[Watch] Aditya-L1: India’s First Solar Mission To Launch Today
New Delhi: Coming close on the heels of the success of Chandrayaan 3. India will launch its first solar solar observatory Aditya-L1, at 11:50 am from Sriharikota today.
The Visible Emission Line Coronagraph (VELC) is the primary payload of Aditya-L1, which is the first space-based Indian mission to study the Sun. VELC will send 1,440 images per day to the ground station for analysis after reaching its intended orbit.
VELC is the largest and technically most challenging payload on Aditya-L1. It was integrated, tested, and calibrated at the Indian Institute of Astrophysics’s (IIA) CREST campus in Hoskote. This was done with substantial collaboration with ISRO.
Visuals from Satish Dhawan Space Centre in Sriharikota, Andhra Pradesh ahead of the launch of Aditya-L1 Mission by ISRO. pic.twitter.com/hdgkrxCB2s
— Press Trust of India (@PTI_News) September 2, 2023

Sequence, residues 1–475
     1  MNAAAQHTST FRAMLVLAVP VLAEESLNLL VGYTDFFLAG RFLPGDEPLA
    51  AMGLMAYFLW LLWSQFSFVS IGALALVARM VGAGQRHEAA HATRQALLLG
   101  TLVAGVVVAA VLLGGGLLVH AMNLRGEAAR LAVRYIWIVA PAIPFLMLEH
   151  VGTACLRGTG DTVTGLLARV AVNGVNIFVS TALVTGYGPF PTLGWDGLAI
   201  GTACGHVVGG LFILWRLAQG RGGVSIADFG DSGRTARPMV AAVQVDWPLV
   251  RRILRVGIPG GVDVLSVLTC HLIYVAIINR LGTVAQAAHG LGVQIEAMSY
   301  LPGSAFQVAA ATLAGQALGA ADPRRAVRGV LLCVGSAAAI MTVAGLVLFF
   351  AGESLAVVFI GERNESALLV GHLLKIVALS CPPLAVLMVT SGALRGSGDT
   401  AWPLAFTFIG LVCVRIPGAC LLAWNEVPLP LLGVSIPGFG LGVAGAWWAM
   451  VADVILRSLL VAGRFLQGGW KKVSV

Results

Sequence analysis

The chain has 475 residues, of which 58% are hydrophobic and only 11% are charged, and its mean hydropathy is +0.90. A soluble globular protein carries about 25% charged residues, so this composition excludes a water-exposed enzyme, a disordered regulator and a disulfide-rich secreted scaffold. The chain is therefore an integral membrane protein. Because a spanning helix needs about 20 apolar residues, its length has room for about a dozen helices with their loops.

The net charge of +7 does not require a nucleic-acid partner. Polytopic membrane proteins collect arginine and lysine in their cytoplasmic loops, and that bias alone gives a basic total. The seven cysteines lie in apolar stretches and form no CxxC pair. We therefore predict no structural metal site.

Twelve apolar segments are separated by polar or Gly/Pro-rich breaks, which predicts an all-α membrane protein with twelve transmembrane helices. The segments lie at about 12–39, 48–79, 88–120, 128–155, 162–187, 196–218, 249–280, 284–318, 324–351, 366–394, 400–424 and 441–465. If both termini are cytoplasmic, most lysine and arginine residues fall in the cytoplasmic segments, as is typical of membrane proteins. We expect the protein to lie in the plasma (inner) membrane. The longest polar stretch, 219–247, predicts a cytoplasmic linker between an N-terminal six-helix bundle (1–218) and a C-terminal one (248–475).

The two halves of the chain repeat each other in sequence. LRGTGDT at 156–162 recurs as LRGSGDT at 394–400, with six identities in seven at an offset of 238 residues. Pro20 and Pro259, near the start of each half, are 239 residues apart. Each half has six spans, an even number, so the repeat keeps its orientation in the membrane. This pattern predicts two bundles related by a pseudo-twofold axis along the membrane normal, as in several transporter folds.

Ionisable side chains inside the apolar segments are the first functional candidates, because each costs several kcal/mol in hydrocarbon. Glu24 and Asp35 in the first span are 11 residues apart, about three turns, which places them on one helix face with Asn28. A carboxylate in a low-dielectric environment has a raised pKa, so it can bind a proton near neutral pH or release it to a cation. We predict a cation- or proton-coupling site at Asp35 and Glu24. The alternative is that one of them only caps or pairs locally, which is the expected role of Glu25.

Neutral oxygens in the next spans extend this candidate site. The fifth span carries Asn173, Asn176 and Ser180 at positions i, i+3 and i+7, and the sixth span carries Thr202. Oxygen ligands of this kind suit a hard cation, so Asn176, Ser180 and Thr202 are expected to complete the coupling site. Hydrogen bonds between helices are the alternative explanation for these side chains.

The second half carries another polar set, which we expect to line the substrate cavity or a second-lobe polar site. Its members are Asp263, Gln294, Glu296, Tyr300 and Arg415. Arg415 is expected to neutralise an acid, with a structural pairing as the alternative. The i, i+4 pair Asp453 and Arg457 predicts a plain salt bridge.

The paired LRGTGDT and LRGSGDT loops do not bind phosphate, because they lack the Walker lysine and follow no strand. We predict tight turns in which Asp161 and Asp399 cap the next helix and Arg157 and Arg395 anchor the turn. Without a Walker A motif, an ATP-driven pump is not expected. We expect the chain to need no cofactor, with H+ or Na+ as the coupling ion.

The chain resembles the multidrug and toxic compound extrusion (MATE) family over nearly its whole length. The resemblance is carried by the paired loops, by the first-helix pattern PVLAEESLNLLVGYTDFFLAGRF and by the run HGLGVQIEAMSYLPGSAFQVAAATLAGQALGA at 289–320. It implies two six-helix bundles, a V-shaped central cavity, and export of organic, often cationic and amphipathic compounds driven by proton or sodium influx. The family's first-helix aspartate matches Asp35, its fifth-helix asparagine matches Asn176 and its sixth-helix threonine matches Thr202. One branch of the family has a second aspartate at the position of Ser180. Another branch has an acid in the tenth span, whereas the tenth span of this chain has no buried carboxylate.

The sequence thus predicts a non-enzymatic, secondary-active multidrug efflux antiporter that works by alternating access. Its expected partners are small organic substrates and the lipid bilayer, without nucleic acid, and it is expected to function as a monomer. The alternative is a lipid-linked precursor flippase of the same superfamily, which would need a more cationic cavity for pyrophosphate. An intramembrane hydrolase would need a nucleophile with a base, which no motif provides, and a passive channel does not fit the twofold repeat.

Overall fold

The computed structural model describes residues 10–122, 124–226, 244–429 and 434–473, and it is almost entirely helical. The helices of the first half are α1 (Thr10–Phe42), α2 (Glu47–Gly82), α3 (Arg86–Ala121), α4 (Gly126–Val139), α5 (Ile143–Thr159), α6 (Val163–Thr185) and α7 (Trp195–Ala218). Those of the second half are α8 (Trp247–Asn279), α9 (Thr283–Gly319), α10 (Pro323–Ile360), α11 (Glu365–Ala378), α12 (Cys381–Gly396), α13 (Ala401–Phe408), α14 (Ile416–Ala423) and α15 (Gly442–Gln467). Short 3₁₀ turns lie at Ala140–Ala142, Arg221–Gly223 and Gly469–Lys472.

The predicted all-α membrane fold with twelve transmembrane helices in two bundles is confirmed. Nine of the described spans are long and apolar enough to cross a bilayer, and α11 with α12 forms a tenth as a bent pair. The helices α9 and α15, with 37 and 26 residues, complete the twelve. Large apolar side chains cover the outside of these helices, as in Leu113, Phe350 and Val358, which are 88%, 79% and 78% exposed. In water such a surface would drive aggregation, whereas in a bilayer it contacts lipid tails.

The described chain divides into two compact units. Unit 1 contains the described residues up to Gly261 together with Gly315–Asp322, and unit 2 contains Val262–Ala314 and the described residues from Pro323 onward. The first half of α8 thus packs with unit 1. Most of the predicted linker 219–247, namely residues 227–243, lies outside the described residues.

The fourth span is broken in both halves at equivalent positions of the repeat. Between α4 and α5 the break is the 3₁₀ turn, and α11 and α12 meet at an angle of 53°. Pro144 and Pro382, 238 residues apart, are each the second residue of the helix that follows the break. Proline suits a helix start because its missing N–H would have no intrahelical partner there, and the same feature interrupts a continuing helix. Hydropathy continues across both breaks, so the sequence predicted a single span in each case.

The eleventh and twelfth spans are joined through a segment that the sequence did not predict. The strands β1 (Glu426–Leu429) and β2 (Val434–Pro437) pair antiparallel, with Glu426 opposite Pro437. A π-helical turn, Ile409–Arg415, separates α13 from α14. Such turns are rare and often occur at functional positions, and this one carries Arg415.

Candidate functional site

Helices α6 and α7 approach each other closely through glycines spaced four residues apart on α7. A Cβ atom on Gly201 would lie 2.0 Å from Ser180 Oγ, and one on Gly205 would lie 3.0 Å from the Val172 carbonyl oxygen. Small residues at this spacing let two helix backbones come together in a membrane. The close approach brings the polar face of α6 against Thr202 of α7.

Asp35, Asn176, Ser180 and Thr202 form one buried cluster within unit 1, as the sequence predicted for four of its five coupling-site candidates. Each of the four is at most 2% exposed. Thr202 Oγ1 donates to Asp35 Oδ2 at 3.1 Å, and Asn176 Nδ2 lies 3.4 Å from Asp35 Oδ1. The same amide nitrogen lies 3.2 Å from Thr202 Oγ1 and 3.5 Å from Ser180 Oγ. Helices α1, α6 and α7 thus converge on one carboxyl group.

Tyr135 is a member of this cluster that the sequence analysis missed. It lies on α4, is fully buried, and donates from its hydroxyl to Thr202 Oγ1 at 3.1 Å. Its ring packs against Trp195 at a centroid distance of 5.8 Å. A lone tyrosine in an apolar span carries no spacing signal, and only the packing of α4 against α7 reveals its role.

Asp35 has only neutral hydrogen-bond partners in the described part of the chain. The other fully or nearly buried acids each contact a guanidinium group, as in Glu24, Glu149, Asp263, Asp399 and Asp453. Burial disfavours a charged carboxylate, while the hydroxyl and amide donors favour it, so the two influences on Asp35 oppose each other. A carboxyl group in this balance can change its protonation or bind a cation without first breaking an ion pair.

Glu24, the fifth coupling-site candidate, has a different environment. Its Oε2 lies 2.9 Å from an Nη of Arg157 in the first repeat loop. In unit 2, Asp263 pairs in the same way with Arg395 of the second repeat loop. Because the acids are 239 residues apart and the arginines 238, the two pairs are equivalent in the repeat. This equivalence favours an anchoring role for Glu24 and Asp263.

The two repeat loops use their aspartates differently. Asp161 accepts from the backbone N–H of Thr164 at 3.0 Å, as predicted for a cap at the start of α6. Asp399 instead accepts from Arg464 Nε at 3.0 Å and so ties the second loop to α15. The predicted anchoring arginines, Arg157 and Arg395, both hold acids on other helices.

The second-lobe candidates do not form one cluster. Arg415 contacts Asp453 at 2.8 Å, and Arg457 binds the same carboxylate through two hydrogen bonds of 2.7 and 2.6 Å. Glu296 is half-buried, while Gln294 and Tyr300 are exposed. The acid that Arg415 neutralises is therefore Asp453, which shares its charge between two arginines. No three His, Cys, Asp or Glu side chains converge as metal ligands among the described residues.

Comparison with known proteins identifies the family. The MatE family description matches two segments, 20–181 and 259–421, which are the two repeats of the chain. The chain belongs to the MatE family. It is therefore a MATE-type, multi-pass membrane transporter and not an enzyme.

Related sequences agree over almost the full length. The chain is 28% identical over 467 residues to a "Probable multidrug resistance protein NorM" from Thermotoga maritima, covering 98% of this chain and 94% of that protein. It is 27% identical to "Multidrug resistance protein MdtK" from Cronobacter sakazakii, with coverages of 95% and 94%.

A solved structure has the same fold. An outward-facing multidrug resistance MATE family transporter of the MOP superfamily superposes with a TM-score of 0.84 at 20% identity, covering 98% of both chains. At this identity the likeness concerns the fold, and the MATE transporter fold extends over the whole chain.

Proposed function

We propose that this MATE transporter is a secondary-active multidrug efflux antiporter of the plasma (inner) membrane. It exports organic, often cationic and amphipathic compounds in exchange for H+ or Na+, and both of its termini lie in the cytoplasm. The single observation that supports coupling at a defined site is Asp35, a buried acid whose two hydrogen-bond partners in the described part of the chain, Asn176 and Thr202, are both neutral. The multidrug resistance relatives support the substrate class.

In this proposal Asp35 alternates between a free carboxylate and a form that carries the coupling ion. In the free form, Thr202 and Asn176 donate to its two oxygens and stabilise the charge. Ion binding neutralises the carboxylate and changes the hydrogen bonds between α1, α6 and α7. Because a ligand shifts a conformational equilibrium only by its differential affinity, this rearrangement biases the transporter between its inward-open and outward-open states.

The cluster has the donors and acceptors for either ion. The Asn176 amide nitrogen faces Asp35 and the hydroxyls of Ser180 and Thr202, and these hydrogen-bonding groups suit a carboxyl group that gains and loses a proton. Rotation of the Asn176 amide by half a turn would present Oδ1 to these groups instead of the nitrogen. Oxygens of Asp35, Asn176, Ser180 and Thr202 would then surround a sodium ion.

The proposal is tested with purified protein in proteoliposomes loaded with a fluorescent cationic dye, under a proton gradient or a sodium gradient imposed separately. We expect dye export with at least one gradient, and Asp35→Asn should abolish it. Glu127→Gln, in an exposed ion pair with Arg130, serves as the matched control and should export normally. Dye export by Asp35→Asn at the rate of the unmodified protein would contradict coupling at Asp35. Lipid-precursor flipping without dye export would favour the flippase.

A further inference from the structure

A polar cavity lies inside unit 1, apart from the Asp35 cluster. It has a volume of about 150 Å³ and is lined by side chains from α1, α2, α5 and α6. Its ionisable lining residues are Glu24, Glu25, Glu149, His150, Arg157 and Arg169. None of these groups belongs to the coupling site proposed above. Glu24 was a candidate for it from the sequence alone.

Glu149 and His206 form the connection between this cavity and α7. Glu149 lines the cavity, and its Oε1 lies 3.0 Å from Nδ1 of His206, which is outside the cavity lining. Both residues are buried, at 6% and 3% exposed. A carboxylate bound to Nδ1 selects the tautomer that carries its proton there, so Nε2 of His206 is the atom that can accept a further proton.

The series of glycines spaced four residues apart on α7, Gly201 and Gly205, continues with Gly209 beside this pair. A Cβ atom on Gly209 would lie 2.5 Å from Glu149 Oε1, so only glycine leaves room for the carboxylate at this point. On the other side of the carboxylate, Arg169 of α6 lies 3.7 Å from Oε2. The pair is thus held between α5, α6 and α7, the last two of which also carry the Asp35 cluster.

Durgesh Tripathi and AN Ramaprakash, two scientists from Pune’s IUCAA, are part of the team that developed the Solar Ultraviolet Imaging Telescope (SUIT), a payload on Aditya-L1, India’s first mission to study the sun.
Aditya-L1, which will launch by PSLV-C57, will carry seven payloads to observe the sun’s light, plasma and magnetic fields from a halo orbit around L1 point. The scientists are very excited to see the data from SUIT, which will map different heights in the sun’s atmosphere using ultraviolet rays.
Once the rocket lifts off from Sriharikota, it will be placed in a low-earth orbit (LEO) around the Earth. Subsequently, its orbit will be made more elliptical and, later, the spacecraft will be propelled towards the L1 point exiting the earth’s gravitational pull. It will take about four months for Aditya-L1 to reach its precise orbit. The following image is sourced from the Indian Space Research Organisation (ISRO).
This is India’s first mission to study the Sun. The spacecraft will go as far as 1.5 million kilometres from the Earth. To put into perspective, the distance between the Sun and the Earth is estimated to be about 150 million kilometres.
— Dr Jitendra Singh (@DrJitendraSingh) September 1, 2023